In a move geared to please Android developers, Google July 27 said it has created a free licensing service to protect paid applications in the Android Market from unauthorized use.
The move will prevent tech-savvy users from downloading for-fee applications on the Android Market, which has some 70,000 free and paid programs.
The service includes a set of libraries developers can use to query the Android Market licensing server to check up on licensing status of users.
The program retrieves information on whether users are authorized to access the app based on stored sales records, said Eric Chu, a member of Google's Android Developer Ecosystem, in a blog post.
"This licensing service operating real time over the network provides more flexibility in choosing license-enforcement strategies, and a more secure approach in protecting your applications from unauthorized use, than copy protection," Chu explained.
Google plans to replace the current Android Market copy protection tool with the new licensing service, which will manage access to all paid Market apps for Android 1.5 or higher, over the next few months.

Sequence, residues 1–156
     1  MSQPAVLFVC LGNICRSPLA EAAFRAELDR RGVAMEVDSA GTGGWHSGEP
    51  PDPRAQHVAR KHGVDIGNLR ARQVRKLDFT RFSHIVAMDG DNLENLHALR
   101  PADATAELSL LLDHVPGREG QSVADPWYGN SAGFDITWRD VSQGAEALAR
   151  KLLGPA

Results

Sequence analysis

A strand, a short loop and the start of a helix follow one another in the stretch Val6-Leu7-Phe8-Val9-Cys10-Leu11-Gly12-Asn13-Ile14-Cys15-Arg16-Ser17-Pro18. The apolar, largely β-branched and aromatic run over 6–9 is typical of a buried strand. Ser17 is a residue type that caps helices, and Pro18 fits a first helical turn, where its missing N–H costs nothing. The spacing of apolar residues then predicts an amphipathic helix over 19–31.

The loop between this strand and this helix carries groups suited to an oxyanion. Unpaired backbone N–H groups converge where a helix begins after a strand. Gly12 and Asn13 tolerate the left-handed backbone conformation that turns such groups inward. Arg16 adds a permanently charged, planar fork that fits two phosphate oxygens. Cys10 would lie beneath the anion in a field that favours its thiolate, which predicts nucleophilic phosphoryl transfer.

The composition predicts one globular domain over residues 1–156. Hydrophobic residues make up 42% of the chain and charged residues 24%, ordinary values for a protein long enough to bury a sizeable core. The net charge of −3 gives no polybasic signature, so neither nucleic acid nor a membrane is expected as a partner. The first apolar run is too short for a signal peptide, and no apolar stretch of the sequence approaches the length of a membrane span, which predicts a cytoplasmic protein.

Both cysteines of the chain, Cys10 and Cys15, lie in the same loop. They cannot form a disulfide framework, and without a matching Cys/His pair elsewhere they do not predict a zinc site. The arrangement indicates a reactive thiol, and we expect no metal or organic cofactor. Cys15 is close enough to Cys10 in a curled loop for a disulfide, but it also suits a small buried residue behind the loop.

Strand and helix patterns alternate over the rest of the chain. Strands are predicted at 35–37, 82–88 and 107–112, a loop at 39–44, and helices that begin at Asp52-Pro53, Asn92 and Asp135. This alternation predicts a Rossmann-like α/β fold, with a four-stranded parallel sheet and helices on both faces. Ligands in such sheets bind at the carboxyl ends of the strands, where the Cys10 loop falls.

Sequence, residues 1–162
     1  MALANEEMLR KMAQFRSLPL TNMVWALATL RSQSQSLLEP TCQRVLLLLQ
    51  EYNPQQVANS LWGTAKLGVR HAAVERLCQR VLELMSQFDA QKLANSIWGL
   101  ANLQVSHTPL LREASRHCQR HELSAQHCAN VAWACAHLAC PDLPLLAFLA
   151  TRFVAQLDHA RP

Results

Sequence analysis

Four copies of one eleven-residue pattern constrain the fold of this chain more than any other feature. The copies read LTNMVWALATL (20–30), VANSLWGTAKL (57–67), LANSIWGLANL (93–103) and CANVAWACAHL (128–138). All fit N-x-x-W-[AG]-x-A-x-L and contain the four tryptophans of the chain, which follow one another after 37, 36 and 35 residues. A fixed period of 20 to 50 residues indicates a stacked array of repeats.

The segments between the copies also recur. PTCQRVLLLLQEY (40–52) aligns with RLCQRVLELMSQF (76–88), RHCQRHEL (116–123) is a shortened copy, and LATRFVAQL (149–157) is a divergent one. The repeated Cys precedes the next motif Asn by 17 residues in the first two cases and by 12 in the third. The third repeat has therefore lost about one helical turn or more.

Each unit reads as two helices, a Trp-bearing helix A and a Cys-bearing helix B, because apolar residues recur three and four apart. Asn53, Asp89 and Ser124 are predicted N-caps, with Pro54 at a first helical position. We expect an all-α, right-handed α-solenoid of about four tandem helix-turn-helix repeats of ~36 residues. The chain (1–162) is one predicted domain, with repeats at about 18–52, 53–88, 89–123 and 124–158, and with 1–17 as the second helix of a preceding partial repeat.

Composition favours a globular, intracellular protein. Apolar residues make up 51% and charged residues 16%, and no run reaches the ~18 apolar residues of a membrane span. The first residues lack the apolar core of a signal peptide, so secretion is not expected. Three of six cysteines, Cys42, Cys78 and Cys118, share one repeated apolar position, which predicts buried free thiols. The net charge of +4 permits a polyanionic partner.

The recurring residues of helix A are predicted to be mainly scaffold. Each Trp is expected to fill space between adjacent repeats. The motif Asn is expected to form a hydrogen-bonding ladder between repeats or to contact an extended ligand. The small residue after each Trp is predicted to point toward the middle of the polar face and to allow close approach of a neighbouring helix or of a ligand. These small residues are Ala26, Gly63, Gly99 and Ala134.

Google has taken a lot of heat over the last few months for Android Market.
While the store has attracted thousands of developers who prefer the open source approach over the more strongnet App Store from Apple, the open and freewheeling ethos has sacrificed some quality.
For example, DoubleTwist's Jon Lech Johansen said the Market suffered from insufficient billing and too much spam.
Google also attracted attention when it used the Market's remote application removal feature to remove two potentially malicious applications from Android devices.
On the company's second quarter earnings call July 15, Google Senior Vice President of Product Management Jonathan Rosenberg promised several changes were in motion to boost the e-commerce capabilities and overall user experience for developers and consumers of the Android Market.
Google signaled one such change July 22, when it said that it is preparing to allow consumers to purchase applications from the Android Market and charge them to their wireless phone bills.